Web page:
Customer Conflict | Employee Stress, Safety, and the Bottom Line

Key Training Components for Employee Safety

Employees serving the public know all too well that difficult customers can be challenging to manage and, at times, very upsetting to deal with. A number of factors can quickly elicit customer anger including delays, line ups, service issues, rules, fines, payments, service restrictions, or negative decisions. It is recognized that conflict creates stress for workers. This can lead to health problems, increased risk of violence, and it can be very costly for organizations.

Employee Stress

An employee who is dealing with raised voice levels, verbal abuse, and at times, intimidating appearances, can experience a ‘fight or flight’ response. The ensuing stress response will often momentarily hinder the employee’s ability to think, and cause, among other things, their hearing to diminish, and co-ordination to lessen. It is important to recognize that good service efforts, in the earliest stages of conflict, averts many situations from escalating. Unfortunately, despite such service efforts, some customers will consciously or subconsciously say and do things that test the patience and tolerance levels of workers. In workplaces that deal with customer conflict on a regular basis, over time, this cumulative stress will affect the employee’s ability to ‘maintain their cool’ and respond professionally. Poorly prepared employees that lack the necessary skills and mindset for this type of conflict often respond to the escalating patron by either emotionally shutting down or escalating as well, and over time, these workers will eventually burn out.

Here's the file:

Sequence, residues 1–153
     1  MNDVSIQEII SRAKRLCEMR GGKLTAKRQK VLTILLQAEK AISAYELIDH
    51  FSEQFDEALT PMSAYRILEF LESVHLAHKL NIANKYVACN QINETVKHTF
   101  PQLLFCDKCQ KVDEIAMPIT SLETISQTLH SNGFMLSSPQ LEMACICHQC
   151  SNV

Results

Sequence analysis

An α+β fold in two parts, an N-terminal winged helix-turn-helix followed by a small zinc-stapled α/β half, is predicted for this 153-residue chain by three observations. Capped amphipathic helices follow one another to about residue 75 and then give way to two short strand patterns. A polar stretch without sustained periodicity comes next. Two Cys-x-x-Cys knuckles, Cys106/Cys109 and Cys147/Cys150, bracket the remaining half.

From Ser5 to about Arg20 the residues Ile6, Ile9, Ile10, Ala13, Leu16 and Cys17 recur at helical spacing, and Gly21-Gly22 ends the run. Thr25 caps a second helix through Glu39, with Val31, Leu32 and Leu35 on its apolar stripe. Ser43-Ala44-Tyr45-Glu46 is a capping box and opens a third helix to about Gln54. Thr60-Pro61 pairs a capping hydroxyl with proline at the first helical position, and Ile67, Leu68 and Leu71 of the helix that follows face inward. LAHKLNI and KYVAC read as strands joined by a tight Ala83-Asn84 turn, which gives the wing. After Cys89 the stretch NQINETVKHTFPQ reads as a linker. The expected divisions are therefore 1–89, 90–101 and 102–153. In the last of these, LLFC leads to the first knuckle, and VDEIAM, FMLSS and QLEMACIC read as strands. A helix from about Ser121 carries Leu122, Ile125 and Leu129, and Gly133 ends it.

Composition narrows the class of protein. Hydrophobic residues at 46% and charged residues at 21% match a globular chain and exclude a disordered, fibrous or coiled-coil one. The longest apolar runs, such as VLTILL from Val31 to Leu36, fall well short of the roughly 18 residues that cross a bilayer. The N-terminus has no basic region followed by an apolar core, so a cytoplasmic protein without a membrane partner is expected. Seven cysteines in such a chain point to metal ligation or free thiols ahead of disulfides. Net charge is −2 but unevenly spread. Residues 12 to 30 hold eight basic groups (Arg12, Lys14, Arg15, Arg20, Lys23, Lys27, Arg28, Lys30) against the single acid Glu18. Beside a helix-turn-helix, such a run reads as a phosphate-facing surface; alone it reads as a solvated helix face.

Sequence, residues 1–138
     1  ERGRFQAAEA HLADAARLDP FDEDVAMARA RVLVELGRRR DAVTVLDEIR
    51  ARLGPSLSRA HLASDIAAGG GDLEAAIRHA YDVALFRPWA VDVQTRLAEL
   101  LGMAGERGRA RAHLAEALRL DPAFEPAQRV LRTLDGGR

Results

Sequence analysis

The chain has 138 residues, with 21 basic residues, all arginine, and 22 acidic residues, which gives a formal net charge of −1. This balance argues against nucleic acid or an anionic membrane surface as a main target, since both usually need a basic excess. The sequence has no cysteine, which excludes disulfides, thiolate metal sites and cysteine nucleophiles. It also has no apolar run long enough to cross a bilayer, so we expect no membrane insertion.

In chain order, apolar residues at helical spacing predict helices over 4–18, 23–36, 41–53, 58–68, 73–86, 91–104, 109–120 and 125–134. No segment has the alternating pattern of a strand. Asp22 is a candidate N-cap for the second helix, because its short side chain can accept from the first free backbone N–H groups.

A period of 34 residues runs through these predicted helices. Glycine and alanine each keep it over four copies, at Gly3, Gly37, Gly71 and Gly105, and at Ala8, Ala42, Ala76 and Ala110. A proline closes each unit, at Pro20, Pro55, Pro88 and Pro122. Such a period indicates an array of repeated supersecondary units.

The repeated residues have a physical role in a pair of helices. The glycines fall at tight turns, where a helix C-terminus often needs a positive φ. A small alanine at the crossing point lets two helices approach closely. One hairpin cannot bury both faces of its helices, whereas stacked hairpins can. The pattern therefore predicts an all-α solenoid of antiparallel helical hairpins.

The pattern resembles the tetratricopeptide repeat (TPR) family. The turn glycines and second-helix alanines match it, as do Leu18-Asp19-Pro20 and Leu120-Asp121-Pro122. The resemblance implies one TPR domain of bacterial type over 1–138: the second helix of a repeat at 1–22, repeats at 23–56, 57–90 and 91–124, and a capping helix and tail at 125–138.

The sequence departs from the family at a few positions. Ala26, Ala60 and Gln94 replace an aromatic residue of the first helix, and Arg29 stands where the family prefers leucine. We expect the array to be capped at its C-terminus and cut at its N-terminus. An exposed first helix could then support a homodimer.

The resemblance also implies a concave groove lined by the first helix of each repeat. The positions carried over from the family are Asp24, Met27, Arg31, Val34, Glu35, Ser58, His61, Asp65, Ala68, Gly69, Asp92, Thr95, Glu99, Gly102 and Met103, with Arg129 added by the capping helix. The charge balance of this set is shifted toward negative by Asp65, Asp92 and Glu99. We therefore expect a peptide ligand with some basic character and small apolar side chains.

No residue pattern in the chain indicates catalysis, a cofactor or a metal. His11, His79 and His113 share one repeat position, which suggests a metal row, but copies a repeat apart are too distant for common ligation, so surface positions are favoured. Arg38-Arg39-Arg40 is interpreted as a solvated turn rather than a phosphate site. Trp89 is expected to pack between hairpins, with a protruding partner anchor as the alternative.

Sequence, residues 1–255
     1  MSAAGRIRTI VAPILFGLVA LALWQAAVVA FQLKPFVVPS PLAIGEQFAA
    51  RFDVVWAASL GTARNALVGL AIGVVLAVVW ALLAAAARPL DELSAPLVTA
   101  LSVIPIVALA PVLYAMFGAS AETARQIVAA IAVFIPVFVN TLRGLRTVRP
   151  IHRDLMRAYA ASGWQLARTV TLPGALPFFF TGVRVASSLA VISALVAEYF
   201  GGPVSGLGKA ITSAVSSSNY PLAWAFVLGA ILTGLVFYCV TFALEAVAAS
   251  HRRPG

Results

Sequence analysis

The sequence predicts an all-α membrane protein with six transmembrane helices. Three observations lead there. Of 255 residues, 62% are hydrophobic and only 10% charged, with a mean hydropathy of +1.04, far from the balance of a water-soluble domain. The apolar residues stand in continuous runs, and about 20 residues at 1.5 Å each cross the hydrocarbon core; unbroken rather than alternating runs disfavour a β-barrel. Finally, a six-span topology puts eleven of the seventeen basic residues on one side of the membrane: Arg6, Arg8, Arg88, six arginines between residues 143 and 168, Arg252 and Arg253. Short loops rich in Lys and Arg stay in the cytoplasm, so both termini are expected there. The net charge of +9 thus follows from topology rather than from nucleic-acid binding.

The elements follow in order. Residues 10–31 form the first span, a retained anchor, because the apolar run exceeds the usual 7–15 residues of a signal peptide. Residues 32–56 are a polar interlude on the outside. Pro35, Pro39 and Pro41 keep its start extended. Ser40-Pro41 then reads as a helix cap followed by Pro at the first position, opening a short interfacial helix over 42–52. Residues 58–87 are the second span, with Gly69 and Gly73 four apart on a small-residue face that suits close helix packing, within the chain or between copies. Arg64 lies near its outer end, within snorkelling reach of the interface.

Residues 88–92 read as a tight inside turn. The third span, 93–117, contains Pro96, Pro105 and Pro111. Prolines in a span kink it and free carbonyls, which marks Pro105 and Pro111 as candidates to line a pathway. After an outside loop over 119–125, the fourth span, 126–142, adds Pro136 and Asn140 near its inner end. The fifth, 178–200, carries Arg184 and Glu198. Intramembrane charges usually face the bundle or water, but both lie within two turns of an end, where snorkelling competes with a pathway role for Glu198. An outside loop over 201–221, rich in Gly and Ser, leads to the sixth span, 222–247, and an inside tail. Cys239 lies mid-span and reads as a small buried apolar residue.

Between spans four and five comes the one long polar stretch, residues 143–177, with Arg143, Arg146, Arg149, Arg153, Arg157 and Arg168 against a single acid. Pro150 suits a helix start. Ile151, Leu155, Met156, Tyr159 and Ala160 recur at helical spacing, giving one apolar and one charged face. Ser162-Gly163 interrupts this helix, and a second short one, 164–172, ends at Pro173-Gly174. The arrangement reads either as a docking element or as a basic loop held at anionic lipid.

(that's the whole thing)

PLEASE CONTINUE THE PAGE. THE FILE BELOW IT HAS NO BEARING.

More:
Impact on the Employee

In the short term, under preparing staff for client conflict results in the feeling of failure, humiliation, and stress for the staff members. In the long term, the organization suffers from an increase in employee stress-leave, absenteeism, turnover, incidents of public threats and violence, and a decrease in productivity, service motivation, and morale.

Typical Organizational Response

In response to escalated public behaviours and incidents, organizations often react by implementing additional security measures such as panic buttons, protective barriers, CCTV cameras, extra security guards, etc. In a well-intended, but somewhat naïve, effort to support employees, organizations inform their staff that when it comes to various public behaviours, staff should not have to ‘take it.’ Through things like zero tolerance policies and various training curriculums, the staff members are encouraged to set verbal limits, point to zero tolerance posters, refuse service, walk away, call security, etc. This, as one can imagine, has nothing to do with defusing an escalating customer or effectively supporting those employees continually having to face these kinds of interactions. Perhaps one should ask how frontline employees feel after being yelled at or threatened by a member of the public who had been hammering the security glass with their fist. Infrequently do we see organizations objectively investigating incidents and properly addressing the factors that played a significant role in the escalation of the customer’s behaviours.